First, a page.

Newest zombie flick breaks horror code

George Romero’s 1978 original, Dawn of the Dead has been reborn through the eyes of director Zack Snyder.

Snyder recounts the horrifying tale of a group of survivors, lead by Ving Rhames (Mission Impossible) and Sarah Polley (Road to Avonlea), who attempt to escape the clutches of an accumulating zombie horde.

Until this point in zombie movie history, a strict protocol has been followed in making such a film: there must be at least one scene of gratuitous nudity, a character must die at least once every 15 minutes and zombies must travel no faster than a light stumble.

Snyder has remained true to the first two unwritten rules of the zombie code, but kicked the zombies themselves into high gear. He depicts the “dead-ish” creatures running at full speed to devour their victims, to the sounds of Johnny Cash, no less.

Not only is their speed impressive considering their various stages of decomposition, but they also appear to retain all the agility that they may have procured during their lives as living humans.

Some would call it a mistake, others a sacrilegious crime, but to a hardcore fan of zombie-horror such as myself, I call it revolutionary and refreshing.

Long before Romero’s original zombie epic, Night of the Living Dead, movie lovers have been held captive by the doctrine of slow-moving zombies. The nuance of a faster, more agile, zombie began making its way into the genre in such flicks as House of the Dead.

Unfortunately, the film’s horrible casting and visually dreadful “special effects” could not support the innovative idea.

Dawn of the Dead 2004, however, scored on such accounts, as the film’s non-stop tension and gore could satisfy even the most critical of connoisseurs.

I could tell the audience was tense before the movie even began as a young boy, sitting behind me, was startled by the simple sound of a ticking clock in the opening sequence.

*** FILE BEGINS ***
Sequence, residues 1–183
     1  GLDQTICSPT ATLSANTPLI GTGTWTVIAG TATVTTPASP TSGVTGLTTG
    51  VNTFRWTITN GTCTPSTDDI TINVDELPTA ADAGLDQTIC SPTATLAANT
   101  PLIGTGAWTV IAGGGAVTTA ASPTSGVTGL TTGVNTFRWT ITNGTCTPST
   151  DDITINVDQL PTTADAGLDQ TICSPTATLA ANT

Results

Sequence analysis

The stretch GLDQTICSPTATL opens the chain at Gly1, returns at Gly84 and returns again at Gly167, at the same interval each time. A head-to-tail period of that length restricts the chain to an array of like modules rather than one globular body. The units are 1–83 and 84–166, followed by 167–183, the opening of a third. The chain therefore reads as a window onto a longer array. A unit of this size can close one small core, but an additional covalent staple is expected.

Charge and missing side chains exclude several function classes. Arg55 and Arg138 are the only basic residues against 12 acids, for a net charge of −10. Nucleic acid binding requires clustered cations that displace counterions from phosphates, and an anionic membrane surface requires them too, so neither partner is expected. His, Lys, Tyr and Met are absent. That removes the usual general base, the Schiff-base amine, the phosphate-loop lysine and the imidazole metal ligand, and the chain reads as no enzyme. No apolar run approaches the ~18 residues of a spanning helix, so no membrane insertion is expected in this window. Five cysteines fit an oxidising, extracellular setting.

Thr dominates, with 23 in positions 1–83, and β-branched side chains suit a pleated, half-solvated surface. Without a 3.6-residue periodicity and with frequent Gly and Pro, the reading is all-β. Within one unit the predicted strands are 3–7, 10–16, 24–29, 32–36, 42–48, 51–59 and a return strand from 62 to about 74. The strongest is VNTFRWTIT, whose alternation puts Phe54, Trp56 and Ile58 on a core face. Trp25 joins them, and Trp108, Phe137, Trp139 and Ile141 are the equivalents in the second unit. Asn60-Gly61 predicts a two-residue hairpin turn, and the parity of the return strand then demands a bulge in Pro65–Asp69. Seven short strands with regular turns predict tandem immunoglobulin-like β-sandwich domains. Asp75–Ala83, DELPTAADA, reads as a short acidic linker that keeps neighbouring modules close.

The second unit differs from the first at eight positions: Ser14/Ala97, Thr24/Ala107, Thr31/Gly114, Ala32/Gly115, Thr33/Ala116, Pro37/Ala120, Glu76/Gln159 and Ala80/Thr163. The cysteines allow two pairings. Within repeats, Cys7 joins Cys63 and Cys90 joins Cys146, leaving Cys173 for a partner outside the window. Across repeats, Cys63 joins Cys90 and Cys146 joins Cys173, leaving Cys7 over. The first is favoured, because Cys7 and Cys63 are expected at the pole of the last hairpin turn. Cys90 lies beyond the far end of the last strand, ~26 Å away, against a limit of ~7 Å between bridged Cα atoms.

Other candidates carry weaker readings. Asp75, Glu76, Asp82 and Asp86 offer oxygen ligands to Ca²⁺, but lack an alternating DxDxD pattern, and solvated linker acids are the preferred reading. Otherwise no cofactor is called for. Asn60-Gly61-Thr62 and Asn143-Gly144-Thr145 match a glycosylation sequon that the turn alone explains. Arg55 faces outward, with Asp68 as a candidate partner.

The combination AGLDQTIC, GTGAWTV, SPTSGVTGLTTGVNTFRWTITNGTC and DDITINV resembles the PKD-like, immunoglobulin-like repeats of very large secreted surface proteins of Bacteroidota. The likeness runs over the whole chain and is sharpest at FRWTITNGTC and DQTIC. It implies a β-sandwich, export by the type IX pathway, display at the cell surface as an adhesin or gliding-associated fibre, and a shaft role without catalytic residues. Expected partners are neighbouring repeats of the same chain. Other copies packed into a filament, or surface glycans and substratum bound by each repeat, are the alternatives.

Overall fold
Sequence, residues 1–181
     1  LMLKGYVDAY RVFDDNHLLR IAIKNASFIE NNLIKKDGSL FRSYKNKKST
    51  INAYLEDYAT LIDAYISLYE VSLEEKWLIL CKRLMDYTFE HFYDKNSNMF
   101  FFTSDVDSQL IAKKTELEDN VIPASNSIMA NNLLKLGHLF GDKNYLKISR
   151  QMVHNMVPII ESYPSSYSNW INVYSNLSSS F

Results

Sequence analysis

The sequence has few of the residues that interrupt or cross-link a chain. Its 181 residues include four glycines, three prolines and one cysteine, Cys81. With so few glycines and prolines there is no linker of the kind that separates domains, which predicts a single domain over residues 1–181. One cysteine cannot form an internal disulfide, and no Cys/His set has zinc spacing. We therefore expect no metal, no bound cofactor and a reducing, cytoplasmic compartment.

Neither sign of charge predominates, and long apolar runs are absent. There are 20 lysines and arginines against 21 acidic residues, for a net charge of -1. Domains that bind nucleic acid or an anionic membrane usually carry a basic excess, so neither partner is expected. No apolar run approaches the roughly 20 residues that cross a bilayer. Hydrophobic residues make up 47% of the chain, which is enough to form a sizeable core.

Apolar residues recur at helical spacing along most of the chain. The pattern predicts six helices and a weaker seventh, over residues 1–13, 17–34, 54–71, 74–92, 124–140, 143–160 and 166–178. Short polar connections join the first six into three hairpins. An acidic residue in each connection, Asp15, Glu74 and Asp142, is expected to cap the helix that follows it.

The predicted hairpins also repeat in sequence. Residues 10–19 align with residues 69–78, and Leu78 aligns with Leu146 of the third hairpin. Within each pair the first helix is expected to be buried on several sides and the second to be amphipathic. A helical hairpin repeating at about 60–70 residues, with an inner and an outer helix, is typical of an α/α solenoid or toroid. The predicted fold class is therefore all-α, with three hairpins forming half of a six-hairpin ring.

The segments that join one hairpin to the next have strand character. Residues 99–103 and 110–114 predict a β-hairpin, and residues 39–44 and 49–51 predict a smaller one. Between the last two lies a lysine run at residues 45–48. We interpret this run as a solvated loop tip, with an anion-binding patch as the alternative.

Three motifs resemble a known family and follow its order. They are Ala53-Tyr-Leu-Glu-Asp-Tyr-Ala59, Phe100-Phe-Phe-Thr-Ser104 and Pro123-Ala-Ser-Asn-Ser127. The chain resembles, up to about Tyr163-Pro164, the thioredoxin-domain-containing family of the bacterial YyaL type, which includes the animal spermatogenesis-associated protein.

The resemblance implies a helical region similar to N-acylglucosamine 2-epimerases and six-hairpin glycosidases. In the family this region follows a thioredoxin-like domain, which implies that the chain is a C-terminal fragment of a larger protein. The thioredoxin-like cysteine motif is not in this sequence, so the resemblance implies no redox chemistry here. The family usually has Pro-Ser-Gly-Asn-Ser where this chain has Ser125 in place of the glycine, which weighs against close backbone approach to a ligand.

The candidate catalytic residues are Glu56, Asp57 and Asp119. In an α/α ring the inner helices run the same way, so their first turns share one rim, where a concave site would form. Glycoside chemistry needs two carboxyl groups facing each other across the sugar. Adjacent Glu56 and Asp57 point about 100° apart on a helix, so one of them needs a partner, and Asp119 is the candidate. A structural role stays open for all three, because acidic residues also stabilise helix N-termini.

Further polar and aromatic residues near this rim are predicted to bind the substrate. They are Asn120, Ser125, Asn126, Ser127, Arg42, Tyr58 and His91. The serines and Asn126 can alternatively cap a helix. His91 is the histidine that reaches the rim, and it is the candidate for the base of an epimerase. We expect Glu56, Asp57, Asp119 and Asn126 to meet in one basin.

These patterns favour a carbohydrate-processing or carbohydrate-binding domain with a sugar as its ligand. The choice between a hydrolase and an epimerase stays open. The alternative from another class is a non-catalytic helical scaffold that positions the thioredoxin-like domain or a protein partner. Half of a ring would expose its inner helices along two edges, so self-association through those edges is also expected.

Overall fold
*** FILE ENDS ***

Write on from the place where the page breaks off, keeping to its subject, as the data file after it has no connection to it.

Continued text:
Noteworthy secondary character, Steve (played by actor Ty Burell), picks up the prize for funniest and most cynical survivor, as well as the “Bruce Campbell Look-Alike” trophy for all you Evil Dead fans.

On the other hand, the main character, Ana (played by Polley) does very little to improve this contemporary version of the film.

Her performance further supports the well-known assumption that female actors in this genre of film are easily replaceable.

She encapsulated the typical melodramatic and over empathetic personality that her horror-film predecessors, such as Neve Campbell and Jennifer Love-Hewitt, made famous.

Her only saving grace is found in the striking resemblance she bares to the actress who played her character in the original 1978 film.

Despite Polley’s insignificant performance, the supporting cast fills the screen with suspense, laughter and the sufficient blood spills that are required to sustain a movie of this caliber.

To my delight, this film was also visually stunning, as the director chose various filters and focal implements with which to film. This gave Snyder’s portrayal of Dawn of the Dead the added touch of class that a horror movie needs to survive in a time when a picture of the sort receives no credit.

The thorn in my side when viewing this picture was the misguided casting of Polley; however, Dawn of the Dead 2004 retains its value as an entertaining addition to the zombie-horror family nonetheless.

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